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Matt Mendez: I’d first like to thank Spencer Hyde for inviting
me to come over here. I’m so excited to be here. We’re going to do a
Q&A first and talk a little bit about MFA programs and short stories
and YA novels. We’ve got YA novelists and future YA novelists in here,
short story writers, correct? I do both, and I love both equally. I started
writing in 2004 with short stories, and that’s essentially the form that
I first starting doing and will always be, I think, my first love. I love
writing short stories, I love reading short stories. And even though I do
YA now and consider myself a YA novelist and just a novelist essentially,
I think short story writing forms a lot of what I do, and I think that,
without writing short stories, I wouldn’t be able to be a novelist or a YA
novelist. I think reading the form and writing the form teaches you such
precision, and it teaches you to concentrate on characterization and the
moment of clarity; it teaches you to focus on the character, on timing,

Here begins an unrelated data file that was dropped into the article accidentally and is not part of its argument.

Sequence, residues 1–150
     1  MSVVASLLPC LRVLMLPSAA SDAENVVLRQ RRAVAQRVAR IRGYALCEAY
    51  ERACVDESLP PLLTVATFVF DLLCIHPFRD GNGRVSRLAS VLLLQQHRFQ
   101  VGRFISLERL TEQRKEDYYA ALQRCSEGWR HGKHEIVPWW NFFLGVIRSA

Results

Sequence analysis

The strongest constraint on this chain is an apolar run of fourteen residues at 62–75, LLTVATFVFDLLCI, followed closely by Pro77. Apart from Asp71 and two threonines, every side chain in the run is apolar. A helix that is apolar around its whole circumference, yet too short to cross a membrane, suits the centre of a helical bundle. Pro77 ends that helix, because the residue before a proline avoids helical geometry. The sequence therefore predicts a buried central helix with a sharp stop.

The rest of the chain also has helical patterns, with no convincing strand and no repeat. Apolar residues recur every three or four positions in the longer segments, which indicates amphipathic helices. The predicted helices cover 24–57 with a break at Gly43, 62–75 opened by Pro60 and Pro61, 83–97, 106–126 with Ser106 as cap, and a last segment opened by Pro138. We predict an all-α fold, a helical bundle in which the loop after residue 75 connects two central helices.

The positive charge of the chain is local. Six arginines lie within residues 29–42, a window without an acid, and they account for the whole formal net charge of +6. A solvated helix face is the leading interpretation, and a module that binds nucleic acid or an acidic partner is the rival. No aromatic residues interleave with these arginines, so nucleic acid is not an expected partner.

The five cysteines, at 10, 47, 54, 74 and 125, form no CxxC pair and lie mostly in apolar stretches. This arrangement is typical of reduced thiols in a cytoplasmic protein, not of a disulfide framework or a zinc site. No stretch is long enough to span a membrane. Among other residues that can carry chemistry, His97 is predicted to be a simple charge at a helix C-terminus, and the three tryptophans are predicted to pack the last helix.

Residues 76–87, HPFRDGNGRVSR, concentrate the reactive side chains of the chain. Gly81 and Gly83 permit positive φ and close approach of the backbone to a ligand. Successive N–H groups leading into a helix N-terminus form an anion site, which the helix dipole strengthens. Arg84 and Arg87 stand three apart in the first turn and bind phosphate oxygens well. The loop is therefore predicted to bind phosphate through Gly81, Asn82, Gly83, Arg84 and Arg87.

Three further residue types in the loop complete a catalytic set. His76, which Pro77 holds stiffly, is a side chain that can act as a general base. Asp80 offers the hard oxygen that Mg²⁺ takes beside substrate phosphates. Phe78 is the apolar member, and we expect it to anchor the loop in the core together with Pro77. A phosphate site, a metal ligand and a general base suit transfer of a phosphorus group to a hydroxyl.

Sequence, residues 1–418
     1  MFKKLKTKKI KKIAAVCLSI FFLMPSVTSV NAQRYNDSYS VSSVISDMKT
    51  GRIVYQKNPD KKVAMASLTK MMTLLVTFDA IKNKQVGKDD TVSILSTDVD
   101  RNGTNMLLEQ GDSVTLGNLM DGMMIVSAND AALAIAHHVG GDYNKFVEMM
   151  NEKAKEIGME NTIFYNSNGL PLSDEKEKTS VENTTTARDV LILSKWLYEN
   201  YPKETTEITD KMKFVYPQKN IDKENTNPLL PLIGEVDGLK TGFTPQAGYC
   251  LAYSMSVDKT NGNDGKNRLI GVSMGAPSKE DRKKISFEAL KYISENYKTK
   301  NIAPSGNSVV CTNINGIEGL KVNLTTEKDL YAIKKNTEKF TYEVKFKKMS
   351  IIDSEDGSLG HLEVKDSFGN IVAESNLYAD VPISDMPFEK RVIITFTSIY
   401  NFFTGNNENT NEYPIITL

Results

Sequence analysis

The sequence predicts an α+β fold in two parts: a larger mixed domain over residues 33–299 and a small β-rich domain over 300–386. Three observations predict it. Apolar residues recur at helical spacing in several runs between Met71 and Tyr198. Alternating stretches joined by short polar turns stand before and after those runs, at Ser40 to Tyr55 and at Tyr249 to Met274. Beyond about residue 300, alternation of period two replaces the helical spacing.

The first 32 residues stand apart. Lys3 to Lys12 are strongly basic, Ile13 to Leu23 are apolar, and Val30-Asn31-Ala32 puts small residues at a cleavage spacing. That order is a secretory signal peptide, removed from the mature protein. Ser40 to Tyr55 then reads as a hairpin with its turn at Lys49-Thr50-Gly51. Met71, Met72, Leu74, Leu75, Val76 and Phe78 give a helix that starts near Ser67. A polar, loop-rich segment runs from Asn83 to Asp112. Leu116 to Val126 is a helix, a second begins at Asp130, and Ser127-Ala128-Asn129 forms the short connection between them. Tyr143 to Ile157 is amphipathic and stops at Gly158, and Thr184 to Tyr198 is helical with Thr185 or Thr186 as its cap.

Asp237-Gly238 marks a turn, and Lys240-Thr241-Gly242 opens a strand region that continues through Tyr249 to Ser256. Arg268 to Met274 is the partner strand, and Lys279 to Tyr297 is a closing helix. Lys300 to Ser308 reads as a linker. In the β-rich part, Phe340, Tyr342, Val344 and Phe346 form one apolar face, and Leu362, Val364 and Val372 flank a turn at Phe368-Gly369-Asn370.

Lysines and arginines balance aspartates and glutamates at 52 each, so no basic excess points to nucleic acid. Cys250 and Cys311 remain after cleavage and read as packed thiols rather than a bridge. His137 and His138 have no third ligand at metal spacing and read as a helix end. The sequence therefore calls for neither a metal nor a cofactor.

and just really creating surprise in such a way that it helps me to clarify
what i’m doing in the novel. It also teaches you economy. It has taught
me economy because I know when I’m reading a short story collection,
when I’m reading a short story, there are these moments of surprise
that are in short stories that are so powerful that when I’m reading a
novel, especially if it’s not the best novel, that they’re hard to come by.
Sometimes I find myself just kind of like, treading through a novel,
waiting for that kind of moment that I get in short stories all the time.
So, when I sit down to write, especially a novel, I find myself reading
more short stories because those moments of impact are on every page,
almost in every paragraph, even at the sentence level. I know that if I go
back to an MFA program, I would probably want to write a novel as part
of my thesis, but I would probably concentrate on reading short stories
and look at how short story writers are putting their work together to
kind of help me get ready to write a novel, which I think is important
for this time, for what you guys are doing, because this moment you’re
in now is a very special time for writers because you’re never going to
get this kind of opportunity again where you get to take your work
very seriously, and then other people are going to take your work very
seriously. You’re never going to get this opportunity again where you’re
going to have this group of people to read your work as thoughtfully,
as carefully, again. Because once you graduate and you move out to
the world, you’ll you have a couple of really close friends that will get